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SarcasticCookie
Jun 17th, 2008, 05:29 PM
I'm going with the selling it all on Ebay and donating the money to an AR org - any suggestions which one?

I really like that idea, and I feel like that would be the best option.

I'd hate for someone to just throw it out, burying it seems respectful at least, but donating it, or selling it and giving the money to charity is an awesome idea.

I don't have any suggestions as to which one, though.

3inthecity
Sep 18th, 2008, 05:11 AM
I'm such an idiot. I really thought that ecological leather wasn't leather. You know, just as gardenburgers are not from meat. Yeah, right. I just found this web site about how their (ecological) leather comes from animals that are slaughtered for their meat and not for their skin. Argh! The thing is that when I bought those shoes, I specifically asked the assistant if they were leather, and she said that no, they are ecological leather. So I assumed... Fine. My mother can wear them if she wants, but I'm never putting them on again. And from now on, I'm only buying shoes online!

I have to say, yes leather is wrong, however, I also agree with the American Indians point of view that out of respect for the animal that was slaughtered, one should use every single part of the animal, and let none go to waste. Now with that said, I think if one were to wear leather, the ecological leather would be the best choice, since as the sales person said, they are killed for meat, and not just their skin, thus they are recycling a useful item. Don't get me wrong though, I disagree with the slaughter of any animal, however it still does take place, and since you already bought them, you could wear them out of respect for the animal, since it was sacrificed, and the last thing you want to do at this point is let them go to waste. I know if I was killed senselessly, I would want some kind of good to come out of it. Hopefully thats a different (helpful??) perspective?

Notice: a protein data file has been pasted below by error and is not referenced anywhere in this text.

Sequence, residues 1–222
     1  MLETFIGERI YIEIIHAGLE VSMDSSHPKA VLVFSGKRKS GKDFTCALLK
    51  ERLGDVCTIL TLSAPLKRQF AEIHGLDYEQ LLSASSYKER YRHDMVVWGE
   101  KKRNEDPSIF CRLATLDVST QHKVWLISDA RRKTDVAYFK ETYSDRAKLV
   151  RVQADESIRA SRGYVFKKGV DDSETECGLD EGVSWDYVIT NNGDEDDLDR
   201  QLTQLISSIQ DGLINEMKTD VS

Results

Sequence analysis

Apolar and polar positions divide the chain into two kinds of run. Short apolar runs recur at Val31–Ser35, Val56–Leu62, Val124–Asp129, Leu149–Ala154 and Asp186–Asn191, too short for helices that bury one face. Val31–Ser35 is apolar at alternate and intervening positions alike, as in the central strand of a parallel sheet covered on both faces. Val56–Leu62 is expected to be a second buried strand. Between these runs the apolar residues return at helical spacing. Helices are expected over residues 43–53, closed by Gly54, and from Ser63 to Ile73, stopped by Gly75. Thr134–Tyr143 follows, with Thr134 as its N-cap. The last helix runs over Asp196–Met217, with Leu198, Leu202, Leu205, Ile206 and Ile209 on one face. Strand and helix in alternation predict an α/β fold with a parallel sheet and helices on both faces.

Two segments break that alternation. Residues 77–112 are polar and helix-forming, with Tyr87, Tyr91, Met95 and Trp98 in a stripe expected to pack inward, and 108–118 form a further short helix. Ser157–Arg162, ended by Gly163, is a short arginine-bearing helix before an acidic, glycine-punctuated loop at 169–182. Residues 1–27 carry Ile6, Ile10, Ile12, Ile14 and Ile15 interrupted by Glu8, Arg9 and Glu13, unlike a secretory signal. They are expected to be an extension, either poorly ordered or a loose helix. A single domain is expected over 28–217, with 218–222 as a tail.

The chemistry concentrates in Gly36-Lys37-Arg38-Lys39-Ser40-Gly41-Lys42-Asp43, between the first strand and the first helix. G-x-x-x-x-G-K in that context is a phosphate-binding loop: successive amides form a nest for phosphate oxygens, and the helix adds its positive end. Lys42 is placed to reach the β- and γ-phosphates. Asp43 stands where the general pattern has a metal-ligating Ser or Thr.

fiamma
Sep 21st, 2008, 05:48 PM
Call me cynical, but "their (ecological) leather comes from animals that are slaughtered for their meat and not for their skin" sounds like a clever marketing ploy and pretty unlikely; as far as I'm aware the leather industry is an industry in itself, not just a by-product of the meat industry. When buying shoes it's probably best to check the label which tells you the various materials which go to make up the shoe, I'd trust that more than a shop assistant! I'm really sorry about your experience, it's horrible to be tricked like that.

As for respecting the animal, at least the American Indians only killed the number of animals necessary for their own survival, unlike our modern intensive farming techniques. For me we could better show respect towards the animals by not killing them in the first place.

bradders
Dec 29th, 2008, 02:46 PM
I'm using up the shampoo, sun screen etc that I bought pre vegan that don't contain animal products but were tested on animals. If they contained animal products then I woudn't use them.

d0od
Jan 29th, 2009, 05:26 AM
I couldn't afford to chuck out all my leather skate shoes and buy new pairs when i became vegan so i wore them.

Yes i felt guilty, but a part of me also felt like they were a reminder and that by wearing out those leather shoes trying to change the lives of the animals who died for it had a sweet irony to it. I still felt guilty.

On a deeper level i felt it was disrespectful to fight for their rights and then just turn around and toss away what they suffered for; What i'd already paid for them to suffer for. Giving them away/donating is a great idea.

Regarding cosmetics/etc. On my first Veganisation i threw out/refused to use ANYTHING that i had before. I was around 15 at the time and would make sure my washing up was done in just warm water if the washing up liquid was tested on animals and my mother was washing up.

When i went Vegan the second time (after slipping back to being veggie) i was a bit more "broke" being at uni and all, so a few "essentials" (pfft) i used up, the rest i gave away.

SusieDerkins
Feb 18th, 2010, 01:06 PM
Hey everybody,